About 20 percent of all Blue Tea members joined the Ladies Literary Club, but Jennie never did. Her two daughters, Ethylene Perkins and Dorothy Bracken, were lifelong members (Ethylene joined in 1914 and Dorothy in 1922) and both served as presidents of the Ladies Literary Club. In 1927 Jennie was made an honorary member of the Ladies Literary Club in recognition of her contributions to the women’s club movement in Utah. While the Blue Tea is forgotten in history, its name is kept alive through an annual event of the Ladies Literary Club.Today, the Blue Tea is an actual formal tea held each spring.
Undoubtedly, Jennie regretted the loss of her creation, but she was far too busy and had moved beyond the Blue Tea Society. Her primary concern was for the newspaper.The Anti-Polygamy Standard had not been a financial success. The February-March 1883 issue was the newspaper’s last. Jennie editorialized about plans for an enlarged and improved fourth volume but admitted that the Standard had been “struggling against fearful odds, right in the midst of the enemy’s camp.” She closed her column with an invitation for “every subscriber to renew at once, if possible to send other names with their own assuring them that no efforts [would] be spared to make the paper worthy of their patronage and to honor the cause it represents.” However, the Anti-Polygamy Standard died without a whimper or explanation. It can only be assumed that subscriptions were insufficient to finance its continued publication. In 1887 the Edmunds-Tucker Act passed and the already faltering Salt Lake City Ladies Anti-Polygamy Society slipped out of existence. The Anti-Polygamy Society of “outraged womanhood” had been eclipsed by the strong actions of federal law and they were no longer needed. Historian Joan Iversen concluded that “the antipolygamy movement had expanded beyond the hopes of its founder. It had diffused throughout the country, carried by church-affiliated home mission societies and temperance chapters.” After the success of the anti-polygamy crusade Jennie continued her work through suffrage organizations and the American Association of University Women.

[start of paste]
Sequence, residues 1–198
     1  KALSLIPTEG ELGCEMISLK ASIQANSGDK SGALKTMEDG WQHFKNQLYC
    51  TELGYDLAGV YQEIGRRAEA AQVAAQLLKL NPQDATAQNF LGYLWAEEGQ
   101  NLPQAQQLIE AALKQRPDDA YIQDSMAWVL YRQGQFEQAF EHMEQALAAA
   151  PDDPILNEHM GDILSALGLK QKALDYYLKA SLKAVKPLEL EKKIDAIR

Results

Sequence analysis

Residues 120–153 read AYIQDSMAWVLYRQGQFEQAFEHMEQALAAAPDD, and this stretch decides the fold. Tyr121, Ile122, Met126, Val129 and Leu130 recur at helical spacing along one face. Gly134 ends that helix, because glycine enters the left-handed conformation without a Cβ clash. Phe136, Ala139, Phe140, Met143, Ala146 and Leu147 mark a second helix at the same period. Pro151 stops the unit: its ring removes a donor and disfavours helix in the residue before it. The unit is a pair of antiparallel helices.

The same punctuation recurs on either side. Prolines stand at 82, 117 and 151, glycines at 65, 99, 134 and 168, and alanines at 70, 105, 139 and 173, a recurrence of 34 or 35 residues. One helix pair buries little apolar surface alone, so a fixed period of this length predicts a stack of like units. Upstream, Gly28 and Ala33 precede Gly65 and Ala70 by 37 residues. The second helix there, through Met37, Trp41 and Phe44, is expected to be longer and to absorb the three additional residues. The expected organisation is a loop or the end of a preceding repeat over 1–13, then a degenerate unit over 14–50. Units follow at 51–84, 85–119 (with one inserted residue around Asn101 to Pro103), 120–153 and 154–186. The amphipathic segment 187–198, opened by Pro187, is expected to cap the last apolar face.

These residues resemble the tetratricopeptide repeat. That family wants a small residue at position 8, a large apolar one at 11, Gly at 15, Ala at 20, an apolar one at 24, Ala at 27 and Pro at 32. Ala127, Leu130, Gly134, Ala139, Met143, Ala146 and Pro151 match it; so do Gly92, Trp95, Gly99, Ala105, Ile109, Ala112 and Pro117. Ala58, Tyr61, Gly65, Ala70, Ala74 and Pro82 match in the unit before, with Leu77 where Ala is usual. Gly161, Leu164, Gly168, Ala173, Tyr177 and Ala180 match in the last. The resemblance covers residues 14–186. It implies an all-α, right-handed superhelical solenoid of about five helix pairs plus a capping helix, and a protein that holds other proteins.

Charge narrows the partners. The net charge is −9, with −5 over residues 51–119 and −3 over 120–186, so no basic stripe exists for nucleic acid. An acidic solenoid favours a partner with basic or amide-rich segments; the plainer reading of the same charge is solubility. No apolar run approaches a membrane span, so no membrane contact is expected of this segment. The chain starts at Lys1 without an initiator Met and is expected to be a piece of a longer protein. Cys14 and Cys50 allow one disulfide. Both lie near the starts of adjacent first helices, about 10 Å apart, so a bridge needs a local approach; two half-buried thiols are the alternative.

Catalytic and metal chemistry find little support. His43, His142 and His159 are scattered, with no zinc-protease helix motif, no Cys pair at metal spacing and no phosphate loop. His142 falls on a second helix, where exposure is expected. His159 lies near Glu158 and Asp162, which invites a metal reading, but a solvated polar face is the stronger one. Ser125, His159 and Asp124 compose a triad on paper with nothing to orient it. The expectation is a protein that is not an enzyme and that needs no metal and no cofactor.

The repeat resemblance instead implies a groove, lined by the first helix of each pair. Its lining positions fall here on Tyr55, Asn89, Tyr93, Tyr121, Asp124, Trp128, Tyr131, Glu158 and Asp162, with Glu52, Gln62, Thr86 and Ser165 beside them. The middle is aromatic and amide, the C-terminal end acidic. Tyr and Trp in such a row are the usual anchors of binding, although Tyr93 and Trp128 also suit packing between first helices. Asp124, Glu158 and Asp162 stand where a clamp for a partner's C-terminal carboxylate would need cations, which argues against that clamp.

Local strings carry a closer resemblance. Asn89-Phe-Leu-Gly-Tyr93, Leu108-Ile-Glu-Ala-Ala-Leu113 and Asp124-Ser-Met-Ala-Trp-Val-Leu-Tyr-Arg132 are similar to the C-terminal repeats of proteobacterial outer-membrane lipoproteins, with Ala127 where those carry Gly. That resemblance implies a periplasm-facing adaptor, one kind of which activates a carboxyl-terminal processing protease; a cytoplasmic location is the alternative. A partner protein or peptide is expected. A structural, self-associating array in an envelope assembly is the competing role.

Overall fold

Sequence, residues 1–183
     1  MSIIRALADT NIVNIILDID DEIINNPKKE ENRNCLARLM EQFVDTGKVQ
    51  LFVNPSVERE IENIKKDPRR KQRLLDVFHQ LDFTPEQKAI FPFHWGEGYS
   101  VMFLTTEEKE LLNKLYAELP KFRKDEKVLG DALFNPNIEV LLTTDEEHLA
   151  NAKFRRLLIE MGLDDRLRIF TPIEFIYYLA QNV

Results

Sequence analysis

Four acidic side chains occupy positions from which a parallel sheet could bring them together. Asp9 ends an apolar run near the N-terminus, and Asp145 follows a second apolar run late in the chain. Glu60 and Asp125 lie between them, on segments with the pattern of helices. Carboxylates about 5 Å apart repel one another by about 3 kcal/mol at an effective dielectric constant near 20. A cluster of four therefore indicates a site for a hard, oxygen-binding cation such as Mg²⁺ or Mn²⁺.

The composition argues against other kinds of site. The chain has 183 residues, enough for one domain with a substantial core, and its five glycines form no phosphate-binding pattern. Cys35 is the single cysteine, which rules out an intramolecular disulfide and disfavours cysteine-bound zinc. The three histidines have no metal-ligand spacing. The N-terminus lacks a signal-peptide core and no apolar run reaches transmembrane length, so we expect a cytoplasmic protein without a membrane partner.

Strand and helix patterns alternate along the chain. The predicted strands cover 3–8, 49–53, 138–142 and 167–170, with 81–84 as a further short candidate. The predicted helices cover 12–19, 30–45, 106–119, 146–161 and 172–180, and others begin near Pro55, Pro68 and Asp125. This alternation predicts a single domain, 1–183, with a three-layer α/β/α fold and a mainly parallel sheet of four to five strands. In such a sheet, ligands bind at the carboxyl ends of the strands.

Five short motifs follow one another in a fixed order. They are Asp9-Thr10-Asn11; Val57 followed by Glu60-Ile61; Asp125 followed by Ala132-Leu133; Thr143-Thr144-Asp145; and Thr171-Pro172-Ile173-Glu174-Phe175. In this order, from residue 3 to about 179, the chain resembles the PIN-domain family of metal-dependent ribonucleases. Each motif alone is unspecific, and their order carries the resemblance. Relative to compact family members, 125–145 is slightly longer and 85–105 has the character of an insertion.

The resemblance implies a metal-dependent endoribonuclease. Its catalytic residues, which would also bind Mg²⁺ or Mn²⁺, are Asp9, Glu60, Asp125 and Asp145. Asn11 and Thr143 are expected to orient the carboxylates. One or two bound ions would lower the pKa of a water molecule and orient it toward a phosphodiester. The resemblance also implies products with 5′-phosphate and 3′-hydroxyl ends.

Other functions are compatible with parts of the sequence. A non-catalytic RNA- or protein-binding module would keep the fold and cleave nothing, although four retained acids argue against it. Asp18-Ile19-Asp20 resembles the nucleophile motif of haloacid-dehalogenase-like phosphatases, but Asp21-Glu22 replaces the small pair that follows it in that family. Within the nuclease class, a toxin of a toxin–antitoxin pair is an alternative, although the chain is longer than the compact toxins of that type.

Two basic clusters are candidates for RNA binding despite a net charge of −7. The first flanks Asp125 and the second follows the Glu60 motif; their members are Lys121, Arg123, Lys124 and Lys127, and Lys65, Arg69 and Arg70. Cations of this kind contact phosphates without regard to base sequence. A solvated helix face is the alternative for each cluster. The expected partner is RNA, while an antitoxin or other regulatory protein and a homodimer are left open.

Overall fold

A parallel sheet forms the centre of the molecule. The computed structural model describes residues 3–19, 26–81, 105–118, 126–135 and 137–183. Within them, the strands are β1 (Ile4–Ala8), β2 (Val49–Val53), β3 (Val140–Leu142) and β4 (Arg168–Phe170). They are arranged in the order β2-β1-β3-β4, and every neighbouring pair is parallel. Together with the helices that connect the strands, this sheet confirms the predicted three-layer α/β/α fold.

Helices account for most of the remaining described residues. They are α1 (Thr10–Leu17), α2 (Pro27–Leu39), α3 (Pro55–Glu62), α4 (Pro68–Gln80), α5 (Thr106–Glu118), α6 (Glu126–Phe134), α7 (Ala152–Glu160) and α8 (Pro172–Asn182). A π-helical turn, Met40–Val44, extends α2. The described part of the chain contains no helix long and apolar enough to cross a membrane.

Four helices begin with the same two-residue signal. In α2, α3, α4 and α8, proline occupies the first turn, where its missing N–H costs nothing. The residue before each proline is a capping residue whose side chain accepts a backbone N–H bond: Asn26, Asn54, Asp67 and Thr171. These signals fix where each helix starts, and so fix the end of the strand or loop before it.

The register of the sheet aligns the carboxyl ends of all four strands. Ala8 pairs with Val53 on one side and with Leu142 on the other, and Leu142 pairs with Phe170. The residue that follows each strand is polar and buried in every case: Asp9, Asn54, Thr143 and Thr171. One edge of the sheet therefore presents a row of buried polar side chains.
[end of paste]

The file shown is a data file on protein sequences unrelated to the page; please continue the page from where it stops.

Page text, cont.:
She believed strongly in woman’s suffrage and was a member of the women’s National Women’s Suffrage Association. She served as Utah Women’s Suffrage Association vice-president in 1888.While many national suffrage leaders were steadfast in opposing the removal of suffrage from Mormon women, Jennie was unyielding in her convictions. She opposed suffrage for Mormon women until polygamy was outlawed.